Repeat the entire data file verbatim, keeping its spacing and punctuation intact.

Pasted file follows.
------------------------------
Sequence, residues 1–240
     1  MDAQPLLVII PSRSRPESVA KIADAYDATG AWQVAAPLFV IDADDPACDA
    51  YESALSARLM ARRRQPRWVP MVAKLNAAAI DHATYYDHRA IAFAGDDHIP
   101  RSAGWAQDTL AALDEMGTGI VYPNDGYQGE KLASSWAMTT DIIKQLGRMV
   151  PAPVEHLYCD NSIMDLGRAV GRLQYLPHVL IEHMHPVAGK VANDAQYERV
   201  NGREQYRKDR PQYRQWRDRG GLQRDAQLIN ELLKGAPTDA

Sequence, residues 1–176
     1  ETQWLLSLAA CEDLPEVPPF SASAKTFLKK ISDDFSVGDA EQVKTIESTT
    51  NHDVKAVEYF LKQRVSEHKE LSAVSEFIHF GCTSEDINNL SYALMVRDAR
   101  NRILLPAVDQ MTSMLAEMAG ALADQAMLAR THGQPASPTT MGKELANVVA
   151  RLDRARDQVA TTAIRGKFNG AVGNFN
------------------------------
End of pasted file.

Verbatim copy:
Sequence, residues 1–240
     1  MDAQPLLVII PSRSRPESVA KIADAYDATG AWQVAAPLFV IDADDPACDA
    51  YESALSARLM ARRRQPRWVP MVAKLNAAAI DHATYYDHRA IAFAGDDHIP
   101  RSAGWAQDTL AALDEMGTGI VYPNDGYQGE KLASSWAMTT DIIKQLGRMV
   151  PAPVEHLYCD NSIMDLGRAV GRLQYLPHVL IEHMHPVAGK VANDAQYERV
   201  NGREQYRKDR PQYRQWRDRG GLQRDAQLIN ELLKGAPTDA

Sequence, residues 1–176
     1  ETQWLLSLAA CEDLPEVPPF SASAKTFLKK ISDDFSVGDA EQVKTIESTT
    51  NHDVKAVEYF LKQRVSEHKE LSAVSEFIHF GCTSEDINNL SYALMVRDAR
   101  NRILLPAVDQ MTSMLAEMAG ALADQAMLAR THGQPASPTT MGKELANVVA
   151  RLDRARDQVA TTAIRGKFNG AVGNFN